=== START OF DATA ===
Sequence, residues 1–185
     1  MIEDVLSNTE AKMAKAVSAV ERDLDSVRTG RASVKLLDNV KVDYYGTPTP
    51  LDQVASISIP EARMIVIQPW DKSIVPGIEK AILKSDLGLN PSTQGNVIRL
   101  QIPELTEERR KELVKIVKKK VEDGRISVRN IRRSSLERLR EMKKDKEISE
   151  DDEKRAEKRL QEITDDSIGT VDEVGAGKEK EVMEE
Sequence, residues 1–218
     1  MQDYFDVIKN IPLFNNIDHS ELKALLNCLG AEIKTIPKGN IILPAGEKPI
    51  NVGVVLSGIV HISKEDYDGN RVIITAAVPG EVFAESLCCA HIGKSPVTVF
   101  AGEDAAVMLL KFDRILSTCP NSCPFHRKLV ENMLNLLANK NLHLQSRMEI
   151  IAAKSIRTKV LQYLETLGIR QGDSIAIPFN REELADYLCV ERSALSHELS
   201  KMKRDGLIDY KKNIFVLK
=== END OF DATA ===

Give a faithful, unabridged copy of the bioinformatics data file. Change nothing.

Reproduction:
Sequence, residues 1–185
     1  MIEDVLSNTE AKMAKAVSAV ERDLDSVRTG RASVKLLDNV KVDYYGTPTP
    51  LDQVASISIP EARMIVIQPW DKSIVPGIEK AILKSDLGLN PSTQGNVIRL
   101  QIPELTEERR KELVKIVKKK VEDGRISVRN IRRSSLERLR EMKKDKEISE
   151  DDEKRAEKRL QEITDDSIGT VDEVGAGKEK EVMEE
Sequence, residues 1–218
     1  MQDYFDVIKN IPLFNNIDHS ELKALLNCLG AEIKTIPKGN IILPAGEKPI
    51  NVGVVLSGIV HISKEDYDGN RVIITAAVPG EVFAESLCCA HIGKSPVTVF
   101  AGEDAAVMLL KFDRILSTCP NSCPFHRKLV ENMLNLLANK NLHLQSRMEI
   151  IAAKSIRTKV LQYLETLGIR QGDSIAIPFN REELADYLCV ERSALSHELS
   201  KMKRDGLIDY KKNIFVLK